AP Images

Froome coy about Giro defense as 2019 route revealed

Leave a comment

MILAN — Chris Froome could have another attempt at winning both the Giro d’Italia and the Tour de France as the British rider has not ruled out the possibility of defending the title he secured in Rome this year.

Next year’s Giro features three individual time trials and seven summit finishes in a balanced but testing route which ramps up into what Froome termed a “brutal, brutal second half to the race.”

Froome was present at a televised ceremony in Milan on Wednesday as organizers unveiled the route of the 2019 Giro d’Italia.

The 102nd edition of the race runs from May 11-June 2 and consists of 21 days of racing, totaling 3,518.5 kilometers (2,186.4 miles) between the start in Bologna and the finish in Verona.

There is also 46,500 meters of vertical elevation, in what organizers have called “one of the hardest courses in recent years.”

Here are some aspects of the 2019 race:

WILL HE, WONT’T HE

Froome remained coy on his chances of competing in next year’s Giro, saying he will decide with Team Sky in December.

This year’s victory came in only his third time competing in the race, and his first since 2010.

“I’ve got to say it really is tempting looking at it,” Froome said. “It’s an epic race and having won it this year it would certainly be difficult to watch it on TV and not be there next year.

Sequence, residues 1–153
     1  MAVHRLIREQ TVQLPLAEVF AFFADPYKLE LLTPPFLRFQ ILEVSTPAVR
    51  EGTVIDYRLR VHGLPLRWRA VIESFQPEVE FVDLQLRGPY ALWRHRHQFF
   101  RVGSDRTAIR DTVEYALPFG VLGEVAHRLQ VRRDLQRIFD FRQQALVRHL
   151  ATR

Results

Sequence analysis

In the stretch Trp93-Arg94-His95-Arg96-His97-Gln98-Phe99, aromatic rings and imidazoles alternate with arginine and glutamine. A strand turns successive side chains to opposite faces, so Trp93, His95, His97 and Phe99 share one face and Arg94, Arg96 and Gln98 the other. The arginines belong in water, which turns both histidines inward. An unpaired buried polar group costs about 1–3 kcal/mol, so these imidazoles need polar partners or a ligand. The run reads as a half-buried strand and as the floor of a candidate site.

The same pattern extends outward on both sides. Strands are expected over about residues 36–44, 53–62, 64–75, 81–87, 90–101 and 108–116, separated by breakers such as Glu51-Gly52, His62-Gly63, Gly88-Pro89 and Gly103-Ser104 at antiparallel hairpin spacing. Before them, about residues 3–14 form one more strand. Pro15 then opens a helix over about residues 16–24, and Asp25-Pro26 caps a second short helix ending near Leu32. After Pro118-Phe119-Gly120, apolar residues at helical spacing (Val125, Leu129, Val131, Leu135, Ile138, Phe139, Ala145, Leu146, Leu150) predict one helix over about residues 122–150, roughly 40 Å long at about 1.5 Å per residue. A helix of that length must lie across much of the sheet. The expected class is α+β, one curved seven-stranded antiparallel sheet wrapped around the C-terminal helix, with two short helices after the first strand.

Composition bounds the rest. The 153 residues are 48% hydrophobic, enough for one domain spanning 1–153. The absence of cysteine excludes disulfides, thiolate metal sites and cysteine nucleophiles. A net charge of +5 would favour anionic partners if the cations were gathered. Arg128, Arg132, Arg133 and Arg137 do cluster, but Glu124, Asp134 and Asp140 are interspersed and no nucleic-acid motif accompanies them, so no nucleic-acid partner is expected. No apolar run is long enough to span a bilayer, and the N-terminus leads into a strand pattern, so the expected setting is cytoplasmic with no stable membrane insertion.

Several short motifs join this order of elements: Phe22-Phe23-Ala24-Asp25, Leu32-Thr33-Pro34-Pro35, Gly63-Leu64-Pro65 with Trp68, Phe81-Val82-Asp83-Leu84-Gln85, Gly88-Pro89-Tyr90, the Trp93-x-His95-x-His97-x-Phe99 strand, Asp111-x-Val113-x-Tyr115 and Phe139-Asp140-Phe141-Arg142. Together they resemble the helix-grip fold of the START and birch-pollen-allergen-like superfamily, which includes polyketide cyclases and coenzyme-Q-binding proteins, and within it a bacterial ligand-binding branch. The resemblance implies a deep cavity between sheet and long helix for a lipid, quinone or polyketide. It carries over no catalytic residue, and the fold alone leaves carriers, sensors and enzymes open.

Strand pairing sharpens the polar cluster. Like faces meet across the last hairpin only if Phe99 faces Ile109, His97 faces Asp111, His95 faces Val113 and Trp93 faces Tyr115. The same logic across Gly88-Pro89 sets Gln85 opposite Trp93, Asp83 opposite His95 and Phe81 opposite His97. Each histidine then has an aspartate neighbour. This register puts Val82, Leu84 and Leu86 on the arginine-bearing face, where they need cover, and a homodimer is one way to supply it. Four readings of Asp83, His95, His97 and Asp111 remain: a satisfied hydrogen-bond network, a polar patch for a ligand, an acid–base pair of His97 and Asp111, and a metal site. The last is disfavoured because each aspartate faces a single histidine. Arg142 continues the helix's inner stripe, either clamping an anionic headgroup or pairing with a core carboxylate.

“I would like to return to Italy but that’s not my decision.”

Froome attempted the Giro-Tour double this year, but his incredible come-from-behind victory in Italy cost him dearly as he finished third in France, behind teammate Geraint Thomas and Sunweb’s Tom Dumoulin.

He had won the three previous editions of the Tour.

“As I saw this year it’s very difficult to do both, it’s not impossible but it’s very difficult … I wasn’t that far this year,” Froome said.

Froome has won two Grand Tours in a year, having won both the Tour and the Spanish Vuelta last year. When he went on to secure the Giro title, he became only the third cyclist to hold all three Grand Tour titles at the same time.

“I’ve never won Giro and Tour, that remains my objective,” the 33-year-old Froome said.

ITALIAN STYLE

After this year’s big start in Israel, the 2019 Giro will stay almost entirely in Italy.

The race will cross into another country just once – and briefly at that – as it visits the republic of San Marino for the uphill finish of the ninth stage time trial.